The driver tells us we have just entered Trieste. We're back home. The last images that run in my mind go faster and faster and whirl around in my head. They are the most important of all: I see the faces of the hundreds of students we met in the six countries we visited. Royal College of Art, Central Saint Martins, London College of Fashion, University of Northampton, Hogeschool Antwerpen, Artez, FIA, Maastricht, Arnhem, AMFI, HKU, Hochschule fur Gestaltung und Kunst Basel, Kolding Designskole, Denmarks Designskole, Iceland Academy of the Arts...Smiling faces and worried faces, humble faces and headstrong faces...We took pictures of all of them. We had a small blackboard with us on which we would write their names and take a picture of the student together with the blackboard, just like a mug shot in the police department. ITS under arrest. Do not speak, let your creativity speak for you. I can see the whole sequence of mug shots we've taken, one after the other...it goes faster and faster and something moves inside of me. So many dreams and so many projects and ideas and creativity...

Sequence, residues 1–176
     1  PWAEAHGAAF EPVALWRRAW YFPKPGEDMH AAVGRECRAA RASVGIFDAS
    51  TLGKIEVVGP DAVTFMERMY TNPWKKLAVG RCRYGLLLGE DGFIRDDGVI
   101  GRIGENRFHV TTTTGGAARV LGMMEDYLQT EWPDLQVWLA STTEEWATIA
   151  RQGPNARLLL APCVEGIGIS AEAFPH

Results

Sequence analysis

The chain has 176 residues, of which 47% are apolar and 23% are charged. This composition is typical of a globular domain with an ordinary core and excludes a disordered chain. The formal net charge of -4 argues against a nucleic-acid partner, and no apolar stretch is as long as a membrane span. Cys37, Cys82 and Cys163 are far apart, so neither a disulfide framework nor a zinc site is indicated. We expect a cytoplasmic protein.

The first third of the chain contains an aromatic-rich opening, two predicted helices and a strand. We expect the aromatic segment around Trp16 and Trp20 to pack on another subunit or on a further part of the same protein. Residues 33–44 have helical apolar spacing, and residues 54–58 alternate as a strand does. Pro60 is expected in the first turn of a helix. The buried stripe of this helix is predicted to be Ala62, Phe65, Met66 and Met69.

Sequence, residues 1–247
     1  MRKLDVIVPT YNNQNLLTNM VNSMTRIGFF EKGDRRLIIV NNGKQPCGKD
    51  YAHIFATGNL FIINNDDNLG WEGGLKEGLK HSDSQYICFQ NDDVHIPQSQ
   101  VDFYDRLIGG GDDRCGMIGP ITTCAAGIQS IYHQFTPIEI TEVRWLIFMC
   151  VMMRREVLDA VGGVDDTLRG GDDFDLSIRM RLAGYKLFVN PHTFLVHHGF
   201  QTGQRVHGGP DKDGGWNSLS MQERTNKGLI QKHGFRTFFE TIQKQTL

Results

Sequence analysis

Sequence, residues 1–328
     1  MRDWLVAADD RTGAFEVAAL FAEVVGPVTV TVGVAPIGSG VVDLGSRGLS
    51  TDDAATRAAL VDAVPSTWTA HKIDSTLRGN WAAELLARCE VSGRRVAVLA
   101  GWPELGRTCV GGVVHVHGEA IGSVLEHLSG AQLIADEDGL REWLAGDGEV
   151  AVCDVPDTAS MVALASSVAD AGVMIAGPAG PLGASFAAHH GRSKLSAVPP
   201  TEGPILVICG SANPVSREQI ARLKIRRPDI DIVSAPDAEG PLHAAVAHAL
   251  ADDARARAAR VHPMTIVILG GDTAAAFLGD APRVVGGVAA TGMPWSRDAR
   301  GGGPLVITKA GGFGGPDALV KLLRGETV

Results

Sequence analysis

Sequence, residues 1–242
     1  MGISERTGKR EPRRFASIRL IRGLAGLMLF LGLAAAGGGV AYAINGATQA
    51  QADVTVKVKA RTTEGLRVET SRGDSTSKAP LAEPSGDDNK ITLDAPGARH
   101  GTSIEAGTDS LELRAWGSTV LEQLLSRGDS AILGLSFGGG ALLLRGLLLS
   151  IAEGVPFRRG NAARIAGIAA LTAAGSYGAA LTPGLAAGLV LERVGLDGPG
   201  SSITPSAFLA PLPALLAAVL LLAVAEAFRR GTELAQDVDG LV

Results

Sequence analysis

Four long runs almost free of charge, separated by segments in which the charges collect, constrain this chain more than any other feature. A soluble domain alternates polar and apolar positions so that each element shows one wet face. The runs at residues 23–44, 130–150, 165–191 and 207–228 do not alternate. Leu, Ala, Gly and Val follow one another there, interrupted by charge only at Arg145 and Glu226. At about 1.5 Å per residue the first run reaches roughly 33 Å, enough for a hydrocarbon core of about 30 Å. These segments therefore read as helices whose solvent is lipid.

The car stops in front of my house. I say goodbye to Barbara and step out. Tomorrow we will be back at work in the office as usual. I grab my luggage from the trunk and walk towards my front door. It's windy, the air simply smells of home and while the car drives away taking Barbara to her house, my hand holding the key stops right in front of the keyhole as a tear runs down my cheek. I feel tired but very thankful to have had this experience once again. Very thankful...
We would like to thank all the people who made it possible, once again, and those who welcomed us in the various countries. Thank you to all members of the ITS staff involved in the organisation and to all the teachers of the schools we went to. I'd love to write down all the names and maybe I could, but what if I miss one? You know who you are and there is no need for names.